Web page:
My Ministry spearheaded the process of formulating the ICT Policy. To facilitate the process, a National Technical Committee comprising experts with varied experience in research and policy analysis, telecommunications, information technology, media as well as legal and regulatory issues was appointed. The team was assisted by an international Consultant who was hired on short term basis.
The policy development process started with the holding of a National ICT Policy Symposium on 25th August 2003 at Intercontinental hotel in Lusaka. The symposium attracted speakers from Ghana, Nigeria, South Africa and Botswana to share experiences on ICT Policy development.
The National Symposium was preceded by syndicate consultations with stakeholders which resulted in the production of the first draft ICT Policy document. The draft was launched on 23rd December 2003 and following the launch the document was subjected to further stakeholder meetings through provincial workshops. This process ended in August 2004.
Thereafter a second draft document was produced and subjected to public scrutiny through internet and print media. After this process a second national stakeholders workshop a third and final draft document was developed reflecting the final views of stakeholders.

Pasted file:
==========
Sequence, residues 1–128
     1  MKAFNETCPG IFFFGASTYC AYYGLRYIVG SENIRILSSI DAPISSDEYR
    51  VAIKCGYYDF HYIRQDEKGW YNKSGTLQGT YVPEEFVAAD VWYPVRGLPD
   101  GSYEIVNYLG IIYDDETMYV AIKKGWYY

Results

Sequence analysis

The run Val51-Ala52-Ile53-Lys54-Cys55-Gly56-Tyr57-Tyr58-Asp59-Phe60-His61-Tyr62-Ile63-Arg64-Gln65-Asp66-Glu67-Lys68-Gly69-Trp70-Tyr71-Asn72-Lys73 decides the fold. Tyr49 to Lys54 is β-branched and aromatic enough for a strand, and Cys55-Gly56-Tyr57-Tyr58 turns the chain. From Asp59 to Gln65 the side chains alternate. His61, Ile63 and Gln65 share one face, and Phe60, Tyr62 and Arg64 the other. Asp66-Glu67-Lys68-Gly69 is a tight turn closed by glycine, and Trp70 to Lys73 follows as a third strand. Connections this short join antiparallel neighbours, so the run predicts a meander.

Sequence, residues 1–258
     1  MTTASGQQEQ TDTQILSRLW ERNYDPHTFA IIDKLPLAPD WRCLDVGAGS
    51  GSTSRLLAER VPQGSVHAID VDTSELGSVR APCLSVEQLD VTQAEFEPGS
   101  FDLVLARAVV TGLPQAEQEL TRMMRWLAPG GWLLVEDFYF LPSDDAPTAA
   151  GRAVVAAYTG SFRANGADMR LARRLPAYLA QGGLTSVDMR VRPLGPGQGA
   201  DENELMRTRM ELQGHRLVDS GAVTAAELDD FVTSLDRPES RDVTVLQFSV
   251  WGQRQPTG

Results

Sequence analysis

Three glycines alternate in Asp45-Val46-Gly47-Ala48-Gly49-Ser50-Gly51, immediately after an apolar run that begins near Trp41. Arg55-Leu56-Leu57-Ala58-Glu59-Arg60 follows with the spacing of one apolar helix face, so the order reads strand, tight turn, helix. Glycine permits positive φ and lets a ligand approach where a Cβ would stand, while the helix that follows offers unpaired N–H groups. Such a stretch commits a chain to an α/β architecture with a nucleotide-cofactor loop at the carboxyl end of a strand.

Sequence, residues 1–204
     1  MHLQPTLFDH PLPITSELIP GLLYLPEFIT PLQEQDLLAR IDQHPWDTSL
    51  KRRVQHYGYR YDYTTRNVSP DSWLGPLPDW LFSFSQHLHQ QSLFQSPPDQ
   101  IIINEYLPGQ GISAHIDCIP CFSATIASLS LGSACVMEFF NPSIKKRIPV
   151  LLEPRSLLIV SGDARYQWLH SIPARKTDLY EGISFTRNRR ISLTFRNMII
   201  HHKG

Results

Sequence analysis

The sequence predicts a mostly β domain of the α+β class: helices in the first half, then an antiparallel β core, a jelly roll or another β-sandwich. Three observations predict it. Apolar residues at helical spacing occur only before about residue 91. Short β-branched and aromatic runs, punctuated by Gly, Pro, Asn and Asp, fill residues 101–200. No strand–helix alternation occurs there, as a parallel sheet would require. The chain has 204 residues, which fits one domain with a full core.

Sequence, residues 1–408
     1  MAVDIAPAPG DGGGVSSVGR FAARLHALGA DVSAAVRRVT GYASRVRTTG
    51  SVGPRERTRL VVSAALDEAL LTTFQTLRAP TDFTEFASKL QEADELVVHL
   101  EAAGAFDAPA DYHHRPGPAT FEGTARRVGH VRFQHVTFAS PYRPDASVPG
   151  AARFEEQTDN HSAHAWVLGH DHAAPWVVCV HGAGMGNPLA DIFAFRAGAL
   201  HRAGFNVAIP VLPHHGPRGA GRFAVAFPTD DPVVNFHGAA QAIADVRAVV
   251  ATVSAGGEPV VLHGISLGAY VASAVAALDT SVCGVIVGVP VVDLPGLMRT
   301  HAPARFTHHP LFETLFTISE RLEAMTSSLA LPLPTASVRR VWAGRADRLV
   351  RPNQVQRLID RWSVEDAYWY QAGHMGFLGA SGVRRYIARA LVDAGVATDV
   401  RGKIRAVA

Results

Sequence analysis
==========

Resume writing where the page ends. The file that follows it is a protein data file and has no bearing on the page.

The final draft National ICT Policy document was submitted to the Ministry of Communications and Transport and subsequently to Cabinet Office for approval. I wish to pay special tribute to institutions that accepted to provide experts to the national technical team, namely: Ministry of Information and Broadcasting Services; Ministry of Science, Technology & Vocational Training; Communications Authority Copperbelt University; University of Zambia; ZAMPOST; ZAMTEL; Bankers Association of Zambia;
Computer Association of Zambia; CELTEL; and COMDEV(X) Ltd for website development hosting and other specialised services offered to the Secretariat.
I also want to acknowledge the efforts of my predecessors for initiating the policy development process and co-operating partners in particular the Japanese Government for the pivotal role they played in financing the policy development process. Last but not least I would like to thank the UNDP or the financial and technical assistance for policy development through operational and project management support to the TICAD Secretariat in the Ministry of Communications and Transport. Tribute should also go to the World Bank and USAID who supported specific studies and capacity building to the Ministry respectively.
Finally, I want to thank all the staff in the Ministry who contributed in one way or the other to the successful development of this policy. I look forward to more stakeholder support during the implementation process.
Brig. Gen. Peter Tembo (Rtd)
MINISTRY OF COMMUNICATIONS AND TRANSPORT